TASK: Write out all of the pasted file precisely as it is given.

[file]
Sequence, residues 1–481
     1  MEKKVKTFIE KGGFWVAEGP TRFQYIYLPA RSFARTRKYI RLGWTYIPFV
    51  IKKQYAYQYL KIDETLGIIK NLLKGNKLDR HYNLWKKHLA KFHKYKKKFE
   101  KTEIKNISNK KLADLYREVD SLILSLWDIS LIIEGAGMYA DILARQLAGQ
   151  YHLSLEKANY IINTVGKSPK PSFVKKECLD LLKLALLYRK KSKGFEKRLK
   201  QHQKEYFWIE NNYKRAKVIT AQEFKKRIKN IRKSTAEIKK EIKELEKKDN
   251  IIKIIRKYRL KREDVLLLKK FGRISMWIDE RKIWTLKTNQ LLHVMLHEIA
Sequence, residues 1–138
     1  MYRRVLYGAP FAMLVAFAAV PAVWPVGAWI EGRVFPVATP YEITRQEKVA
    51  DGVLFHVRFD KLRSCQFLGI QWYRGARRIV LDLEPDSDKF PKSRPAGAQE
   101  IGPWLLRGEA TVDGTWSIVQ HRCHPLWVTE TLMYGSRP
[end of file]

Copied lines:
Sequence, residues 1–481
     1  MEKKVKTFIE KGGFWVAEGP TRFQYIYLPA RSFARTRKYI RLGWTYIPFV
    51  IKKQYAYQYL KIDETLGIIK NLLKGNKLDR HYNLWKKHLA KFHKYKKKFE
   101  KTEIKNISNK KLADLYREVD SLILSLWDIS LIIEGAGMYA DILARQLAGQ
   151  YHLSLEKANY IINTVGKSPK PSFVKKECLD LLKLALLYRK KSKGFEKRLK
   201  QHQKEYFWIE NNYKRAKVIT AQEFKKRIKN IRKSTAEIKK EIKELEKKDN
   251  IIKIIRKYRL KREDVLLLKK FGRISMWIDE RKIWTLKTNQ LLHVMLHEIA
Sequence, residues 1–138
     1  MYRRVLYGAP FAMLVAFAAV PAVWPVGAWI EGRVFPVATP YEITRQEKVA
    51  DGVLFHVRFD KLRSCQFLGI QWYRGARRIV LDLEPDSDKF PKSRPAGAQE
   101  IGPWLLRGEA TVDGTWSIVQ HRCHPLWVTE TLMYGSRP